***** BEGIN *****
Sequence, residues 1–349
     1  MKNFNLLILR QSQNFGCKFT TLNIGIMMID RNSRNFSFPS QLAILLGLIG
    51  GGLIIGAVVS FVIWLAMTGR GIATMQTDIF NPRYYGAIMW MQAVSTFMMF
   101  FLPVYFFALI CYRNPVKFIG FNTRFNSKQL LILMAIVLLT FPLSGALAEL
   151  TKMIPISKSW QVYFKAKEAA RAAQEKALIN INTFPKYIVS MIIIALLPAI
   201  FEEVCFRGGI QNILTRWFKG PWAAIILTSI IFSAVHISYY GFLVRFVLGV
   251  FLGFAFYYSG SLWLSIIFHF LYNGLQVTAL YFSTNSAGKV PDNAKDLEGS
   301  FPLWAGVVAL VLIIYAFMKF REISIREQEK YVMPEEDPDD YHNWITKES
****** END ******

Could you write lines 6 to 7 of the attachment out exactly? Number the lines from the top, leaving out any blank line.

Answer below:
   201  FEEVCFRGGI QNILTRWFKG PWAAIILTSI IFSAVHISYY GFLVRFVLGV
   251  FLGFAFYYSG SLWLSIIFHF LYNGLQVTAL YFSTNSAGKV PDNAKDLEGS